Used car buyers need greater protection to ensure they are not left out of pocket if the buying experience turns sour.
It’s a view taken by the Government, which has now tasked its Used Car Commission with developing minimum requirements for used car dealers operating under approval schemes.
In a year long study, the Used Car Commission has explored problems reported by consumers about the sector, which has a value of £38bn and 7.1m used car sales annually.
Complaints about second-hand cars are one of the biggest issues people take to the Citizens Advice consumer service. From April 2013 to March 2014, Citizens Advice dealt with 69,342 enquiries relating to second hand cars, and the AA estimates that 750,000 consumers per year face unresolved problems with a used car purchase.
It equates to 2.48 complaints nationally per 1,000 registered cars registered.
The Citizens Advice data shows 78.1% of complaints related to independent used car dealers.
The address this, the commission implement proposals including the development of a minimum set of requirements for used car codes and trader approval schemes to ensure consumers are better protected and improve customer services, closer cooperation between police and Trading Standards to target organised criminals who steal vehicles for export, clone them or break them up for parts, and a focus on information gathering on used cars so current and emerging issues can be quickly identified and acted on by police and Trading Standards.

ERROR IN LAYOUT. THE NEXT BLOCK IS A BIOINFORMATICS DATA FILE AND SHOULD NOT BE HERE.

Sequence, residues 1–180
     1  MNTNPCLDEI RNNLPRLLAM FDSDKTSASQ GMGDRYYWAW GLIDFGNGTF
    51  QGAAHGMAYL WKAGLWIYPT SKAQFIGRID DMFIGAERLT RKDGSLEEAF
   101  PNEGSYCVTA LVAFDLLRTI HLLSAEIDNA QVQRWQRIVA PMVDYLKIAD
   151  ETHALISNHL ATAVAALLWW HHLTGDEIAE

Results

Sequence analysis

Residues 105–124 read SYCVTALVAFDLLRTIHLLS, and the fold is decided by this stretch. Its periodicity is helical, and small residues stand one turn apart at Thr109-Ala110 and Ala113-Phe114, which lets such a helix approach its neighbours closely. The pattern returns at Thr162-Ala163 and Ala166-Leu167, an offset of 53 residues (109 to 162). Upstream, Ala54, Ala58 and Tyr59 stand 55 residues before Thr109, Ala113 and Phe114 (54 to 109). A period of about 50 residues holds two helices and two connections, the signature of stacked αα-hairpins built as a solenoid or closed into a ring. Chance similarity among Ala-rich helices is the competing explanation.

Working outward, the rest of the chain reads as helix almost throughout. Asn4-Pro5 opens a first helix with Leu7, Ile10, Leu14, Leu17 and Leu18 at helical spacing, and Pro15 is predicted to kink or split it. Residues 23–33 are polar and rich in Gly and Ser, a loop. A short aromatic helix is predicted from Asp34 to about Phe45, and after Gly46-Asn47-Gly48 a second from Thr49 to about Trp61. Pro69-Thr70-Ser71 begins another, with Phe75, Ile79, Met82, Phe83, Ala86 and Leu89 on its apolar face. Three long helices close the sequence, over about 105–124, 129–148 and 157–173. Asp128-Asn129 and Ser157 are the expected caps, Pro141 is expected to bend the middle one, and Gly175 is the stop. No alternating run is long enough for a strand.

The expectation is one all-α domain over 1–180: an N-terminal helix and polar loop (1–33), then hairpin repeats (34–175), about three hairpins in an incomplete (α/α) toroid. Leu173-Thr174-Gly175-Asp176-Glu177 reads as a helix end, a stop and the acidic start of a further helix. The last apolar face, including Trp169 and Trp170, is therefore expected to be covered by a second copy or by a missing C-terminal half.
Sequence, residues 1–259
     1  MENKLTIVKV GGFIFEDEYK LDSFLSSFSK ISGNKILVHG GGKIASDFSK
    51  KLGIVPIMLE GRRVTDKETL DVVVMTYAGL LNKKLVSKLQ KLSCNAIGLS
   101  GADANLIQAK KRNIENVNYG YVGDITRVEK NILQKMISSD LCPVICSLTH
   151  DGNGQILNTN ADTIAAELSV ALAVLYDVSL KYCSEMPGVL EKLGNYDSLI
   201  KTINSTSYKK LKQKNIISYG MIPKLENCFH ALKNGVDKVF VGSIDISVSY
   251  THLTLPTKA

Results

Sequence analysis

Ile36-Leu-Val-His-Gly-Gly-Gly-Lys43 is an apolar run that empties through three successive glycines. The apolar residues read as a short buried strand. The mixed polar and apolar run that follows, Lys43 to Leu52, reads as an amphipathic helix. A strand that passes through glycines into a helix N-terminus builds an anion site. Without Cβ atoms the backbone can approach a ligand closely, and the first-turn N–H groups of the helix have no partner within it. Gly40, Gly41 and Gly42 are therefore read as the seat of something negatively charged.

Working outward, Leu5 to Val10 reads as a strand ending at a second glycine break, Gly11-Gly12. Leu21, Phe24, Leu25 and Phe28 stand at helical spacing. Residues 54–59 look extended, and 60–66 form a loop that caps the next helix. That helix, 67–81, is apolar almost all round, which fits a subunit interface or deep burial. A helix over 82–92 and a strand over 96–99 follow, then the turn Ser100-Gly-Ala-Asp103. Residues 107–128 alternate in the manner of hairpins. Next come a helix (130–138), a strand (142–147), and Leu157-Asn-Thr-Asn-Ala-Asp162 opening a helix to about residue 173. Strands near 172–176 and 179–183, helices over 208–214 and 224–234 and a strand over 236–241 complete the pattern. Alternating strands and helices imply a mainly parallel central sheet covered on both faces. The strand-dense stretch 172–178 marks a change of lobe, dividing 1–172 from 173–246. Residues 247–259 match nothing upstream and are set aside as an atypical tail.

Consumer Affairs Minister Jo Swinson said: “While the majority of second-hand car buyers will have a trouble free experience, too many consumers are left with unresolved issues or thousands of pounds out of pocket.
“The recommendations are an excellent starting point and it is good to see the sector working together to get the best possible outcomes for consumers."